Finding a quick and yummy bite isn't hard while you're in Reykjavik. Here's a selection of my favourite street-food places in the capital of Iceland.
There are surprisingly many places to choose from in Reykjavík when it comes to street food. Reykjavík isn’t exactly known for warm weather but people here really don’t let the cold stop them from grabbing their favourite bite and eating it on the go.
I have a busy schedule and I usually don’t like spending too much time on cooking or grocery shopping. Grabbing something quick (and unhealthy) is something I do regularly so I thought it was a good idea to share some of my favourites.
This hot dog stand is not just a local favourite, it has actually gained a reputation among tourists. In my opinion, it really lives up to the hype although it’s serving the exact same hot dogs as every other hot dog stand in Reykjavík.
There are various theories on what exactly makes the hot dogs from Bæjarins beztu as good as they are. Some say they put spices in the boiling water but others say their key is heating up the buns with steam. Nobody knows really, but they are definitely doing something right.
Bæjarins beztu pylsur are actually so renowned that they have gotten some world famous visitors to taste their glorious ‘pylsur’. Bill Clinton paid a visit to the hot dog stand in 2004 and famously ordered a hot dog with nothing but mustard.
Kim Kardashian visited Bæjarins bestu last year with her sisters. It was actually Kourtney’s birthday so there was a large group of Icelandic teenagers that sang for her. If you are a fan of Keeping up with the Kardashians you might actually have seen this scene.
There are three Bæjarins beztu pylsur hot dog stands in Reykjavik. One in down town Reykjavik, one in Skeifan and one in Holtagarðar. Most tourists go to the one in down town Reykjavik so the line there is usually quite big. The service is fast though, so you won’t have to wait very long.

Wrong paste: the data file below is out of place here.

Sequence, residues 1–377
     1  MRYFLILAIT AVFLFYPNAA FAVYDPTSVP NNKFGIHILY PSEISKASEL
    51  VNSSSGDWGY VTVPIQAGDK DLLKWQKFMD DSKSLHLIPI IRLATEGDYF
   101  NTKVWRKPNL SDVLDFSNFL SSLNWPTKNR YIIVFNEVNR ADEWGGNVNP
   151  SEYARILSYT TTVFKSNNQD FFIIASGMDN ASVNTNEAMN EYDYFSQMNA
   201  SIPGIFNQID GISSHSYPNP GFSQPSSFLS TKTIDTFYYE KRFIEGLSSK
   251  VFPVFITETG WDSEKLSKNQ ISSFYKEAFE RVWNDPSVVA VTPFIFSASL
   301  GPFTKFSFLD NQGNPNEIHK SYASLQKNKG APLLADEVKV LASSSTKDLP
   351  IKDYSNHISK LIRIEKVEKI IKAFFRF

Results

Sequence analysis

My favourite combination of toppings is ketchup, remoulade, mustard and fried onions, preferably washing it down with an ice cold coke.
Lemon is a recent addition to the street food scene in Reykjavík. The first place opened in 2013 and now there are several other locations in Reykjavík.
I don’t know if you are familiar with a scandinavian sandwich chain called Joe and the Juice, but Lemon’s concept is pretty much the same. We also have Joe and the Juice in Reykjavík (and in Keflavik Airport) but I prefer Lemon.
For those who don’t know the concept, it’s basically about grabbing gourmet flat bread sandwiches and freshly squeezed juices/smoothies. That’s the only thing you can get there except for coffee and water.
I am not quite sure that the sandwiches from Lemon fall into the street food category but I guess that’s a matter of definition. I think it’s a really good option if you’re craving a quick bite or a light lunch.